The Last Straw

All around me were the bemoanings, though truly thinly

disguised recounts to friends of the events from the night before.

A wink, a sling, a one-time fling.

I laugh inwardly and clutched at my backpack

strap: It grew heavier in a blink. When I got back

to my room, the slim figure in the mirror on my left greeted.

I forgot to close my cabinet, and the plain face smiled, sneered.

How funny, that my friends should brush off hook-ups,

while I wonder what it feels like to have my hand cradled in

another’s, my cheeks pecked

by a gentle, innocent kiss. Perhaps I am out

of my depth tackling topics as ambitious as “fate” and “love,”

when my mind tumble and tangle at the cup in my hand.

The straw, flattened by my habitual

biting while drinking boba was where he had tried the drink.

Curiosity, he said, with those glimmering eyes and smirk.

I suppose I am the only college girl who blush at the notion

of an indirect kiss. But now, the idea was forever

etched into my writer’s mind.

Each sip of boba now

sweetened by a new bling

that the face in the mirror blushed at.

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XL.

Father looked much kinder, warmer; his face intruded by the foreign, upward turn of the corner of his mouth.

So that’s what he looked like when he smiles.

She was unbelieving of that expression, the secure sensation when he effortlessly lifted her over the muddy parts of the beautiful mountain trail they were ascending.

“Where’s mama?”

He chuckled, “We are going to meet her.” So their trek continued, her pulling the hand of this strange apparition of her father.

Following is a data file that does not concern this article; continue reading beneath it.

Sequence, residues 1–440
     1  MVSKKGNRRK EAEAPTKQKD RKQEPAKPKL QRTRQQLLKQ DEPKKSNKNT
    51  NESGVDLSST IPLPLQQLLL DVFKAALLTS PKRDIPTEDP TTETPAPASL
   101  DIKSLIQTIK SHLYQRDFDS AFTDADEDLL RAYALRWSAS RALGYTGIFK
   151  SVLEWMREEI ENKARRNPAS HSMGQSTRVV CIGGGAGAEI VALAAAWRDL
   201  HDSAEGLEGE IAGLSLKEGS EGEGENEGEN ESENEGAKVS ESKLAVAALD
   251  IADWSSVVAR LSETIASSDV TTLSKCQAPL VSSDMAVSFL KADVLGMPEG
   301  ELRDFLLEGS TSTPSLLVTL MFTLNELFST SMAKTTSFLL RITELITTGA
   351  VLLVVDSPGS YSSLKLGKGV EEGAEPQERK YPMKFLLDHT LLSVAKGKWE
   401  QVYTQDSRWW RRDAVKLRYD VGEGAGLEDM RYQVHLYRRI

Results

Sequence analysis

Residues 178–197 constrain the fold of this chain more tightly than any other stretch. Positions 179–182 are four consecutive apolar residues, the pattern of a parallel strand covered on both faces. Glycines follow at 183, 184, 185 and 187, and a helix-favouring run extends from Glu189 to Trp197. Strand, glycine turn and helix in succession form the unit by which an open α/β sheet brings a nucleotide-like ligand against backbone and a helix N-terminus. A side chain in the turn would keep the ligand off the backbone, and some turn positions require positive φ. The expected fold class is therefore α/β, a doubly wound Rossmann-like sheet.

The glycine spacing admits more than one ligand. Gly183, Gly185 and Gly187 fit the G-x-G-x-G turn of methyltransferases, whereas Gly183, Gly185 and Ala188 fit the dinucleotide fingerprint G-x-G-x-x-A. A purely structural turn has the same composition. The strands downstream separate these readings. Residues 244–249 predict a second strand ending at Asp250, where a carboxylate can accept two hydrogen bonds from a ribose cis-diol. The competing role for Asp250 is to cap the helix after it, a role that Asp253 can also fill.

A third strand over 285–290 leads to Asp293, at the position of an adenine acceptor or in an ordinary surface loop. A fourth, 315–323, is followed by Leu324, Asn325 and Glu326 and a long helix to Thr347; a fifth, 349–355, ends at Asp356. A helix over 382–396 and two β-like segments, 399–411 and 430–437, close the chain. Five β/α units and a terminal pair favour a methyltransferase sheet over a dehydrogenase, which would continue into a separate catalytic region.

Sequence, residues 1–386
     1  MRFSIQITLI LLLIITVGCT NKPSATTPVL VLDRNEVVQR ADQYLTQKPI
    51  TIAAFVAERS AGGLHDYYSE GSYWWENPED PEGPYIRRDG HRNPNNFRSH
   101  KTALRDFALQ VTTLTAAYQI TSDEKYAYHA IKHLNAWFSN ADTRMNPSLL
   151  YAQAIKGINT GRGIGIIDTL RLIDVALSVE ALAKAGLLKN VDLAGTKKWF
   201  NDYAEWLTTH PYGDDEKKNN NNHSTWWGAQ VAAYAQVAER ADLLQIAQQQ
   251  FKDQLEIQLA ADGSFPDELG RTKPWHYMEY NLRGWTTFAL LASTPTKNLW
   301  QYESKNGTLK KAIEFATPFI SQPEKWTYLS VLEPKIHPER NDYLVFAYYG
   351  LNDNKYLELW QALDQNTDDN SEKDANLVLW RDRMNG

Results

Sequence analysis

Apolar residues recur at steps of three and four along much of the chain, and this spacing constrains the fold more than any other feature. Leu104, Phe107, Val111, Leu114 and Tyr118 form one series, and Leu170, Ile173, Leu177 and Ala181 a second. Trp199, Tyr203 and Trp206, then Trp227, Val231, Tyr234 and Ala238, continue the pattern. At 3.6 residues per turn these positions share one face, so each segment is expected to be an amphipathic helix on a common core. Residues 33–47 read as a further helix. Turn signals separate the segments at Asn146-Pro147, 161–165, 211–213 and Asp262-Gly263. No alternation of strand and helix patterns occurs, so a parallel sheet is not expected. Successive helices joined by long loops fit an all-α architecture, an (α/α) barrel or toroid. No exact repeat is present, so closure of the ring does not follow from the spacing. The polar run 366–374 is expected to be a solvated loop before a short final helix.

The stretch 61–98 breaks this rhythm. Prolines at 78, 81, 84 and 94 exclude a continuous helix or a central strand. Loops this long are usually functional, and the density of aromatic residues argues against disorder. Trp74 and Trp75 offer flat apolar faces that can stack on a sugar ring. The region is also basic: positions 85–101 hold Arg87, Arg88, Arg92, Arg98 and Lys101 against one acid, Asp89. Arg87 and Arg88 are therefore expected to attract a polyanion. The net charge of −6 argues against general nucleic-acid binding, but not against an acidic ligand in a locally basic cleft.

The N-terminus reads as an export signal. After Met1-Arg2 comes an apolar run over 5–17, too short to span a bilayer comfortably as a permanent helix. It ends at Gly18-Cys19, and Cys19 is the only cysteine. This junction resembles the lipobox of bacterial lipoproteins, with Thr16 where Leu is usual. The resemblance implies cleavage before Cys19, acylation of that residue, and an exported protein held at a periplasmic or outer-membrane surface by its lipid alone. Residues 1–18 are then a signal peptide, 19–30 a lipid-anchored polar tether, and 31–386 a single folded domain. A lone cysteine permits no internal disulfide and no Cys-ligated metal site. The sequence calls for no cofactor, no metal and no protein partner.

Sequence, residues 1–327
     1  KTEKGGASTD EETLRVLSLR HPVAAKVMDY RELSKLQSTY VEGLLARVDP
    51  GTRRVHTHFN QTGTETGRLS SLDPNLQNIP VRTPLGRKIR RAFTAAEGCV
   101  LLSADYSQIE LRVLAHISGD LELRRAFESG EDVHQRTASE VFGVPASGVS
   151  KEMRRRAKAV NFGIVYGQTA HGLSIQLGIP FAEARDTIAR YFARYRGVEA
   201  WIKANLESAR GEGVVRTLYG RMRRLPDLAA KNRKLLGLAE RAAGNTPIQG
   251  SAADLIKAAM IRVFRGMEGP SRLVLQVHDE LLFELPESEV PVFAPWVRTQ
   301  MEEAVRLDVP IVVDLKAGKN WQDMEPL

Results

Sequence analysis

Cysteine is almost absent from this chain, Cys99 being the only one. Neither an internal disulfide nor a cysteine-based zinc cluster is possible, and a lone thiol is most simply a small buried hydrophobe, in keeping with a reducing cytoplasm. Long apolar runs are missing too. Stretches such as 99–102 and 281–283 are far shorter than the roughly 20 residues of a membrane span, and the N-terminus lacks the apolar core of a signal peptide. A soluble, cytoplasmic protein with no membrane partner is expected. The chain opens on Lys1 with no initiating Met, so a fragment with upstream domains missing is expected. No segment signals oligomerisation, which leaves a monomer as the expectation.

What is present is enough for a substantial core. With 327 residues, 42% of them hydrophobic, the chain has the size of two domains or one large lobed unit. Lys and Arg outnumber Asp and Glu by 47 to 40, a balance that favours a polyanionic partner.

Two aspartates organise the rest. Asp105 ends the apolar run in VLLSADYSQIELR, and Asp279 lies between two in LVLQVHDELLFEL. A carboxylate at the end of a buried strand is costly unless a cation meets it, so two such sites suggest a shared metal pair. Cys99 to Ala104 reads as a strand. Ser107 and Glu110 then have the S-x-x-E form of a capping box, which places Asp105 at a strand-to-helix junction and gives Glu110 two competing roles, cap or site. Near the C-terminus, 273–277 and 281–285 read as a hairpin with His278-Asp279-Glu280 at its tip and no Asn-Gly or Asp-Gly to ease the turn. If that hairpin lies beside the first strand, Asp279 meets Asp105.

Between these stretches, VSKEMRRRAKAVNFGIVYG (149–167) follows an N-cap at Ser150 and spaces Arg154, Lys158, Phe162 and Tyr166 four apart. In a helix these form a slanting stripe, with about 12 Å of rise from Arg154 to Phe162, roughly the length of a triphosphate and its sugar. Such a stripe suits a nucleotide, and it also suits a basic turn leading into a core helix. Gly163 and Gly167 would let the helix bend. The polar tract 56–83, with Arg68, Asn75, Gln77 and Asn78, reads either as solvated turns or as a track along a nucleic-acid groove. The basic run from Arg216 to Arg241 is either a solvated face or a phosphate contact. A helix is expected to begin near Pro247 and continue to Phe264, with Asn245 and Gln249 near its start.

Then their journey ended abruptly by a cliff, preluded by the gradual climb of hills. As they neared the terrifying edge she finally felt a hint of familiarity: the inevitable feeling of falling. While he paced nonchalantly by the highest point of the cliffs looking down at the roaring streams crashing against boulders, she repeated, “Where’s ma?”

He scoffed.

She looked down at the thin thread of scarlet water and the white foams forming from the liquid’s fatal crash against boulders, which were not even rocks, but bones of those wronged by this smiling man beside her, “Why?”

Instead of answering, he stated simply, “I made you, Lyra.”

She knew. Her title summoned her hand about her throat.

“You donned my title for this power, Lyra.”

She knew. So her hands closed tighter.

“You used my face for your own power.”

“Lyra!” Her cheek stung from a strike she did not see, reality swam back in the form of odd-colored eyes. “My God, you were…oh are you alright?”

“…” Air returned to her lungs along with a rush of colors.

The girl was hugging her knees at the corner of Lyra’s eyes while Aldebaran stooped by, coaxing her to try to see, “Don’t overthink it: try to see what it wants to do.” The girl nodded through tears, closed her eyes in concentration.

Lyra looked about, “Where’s Horatio?”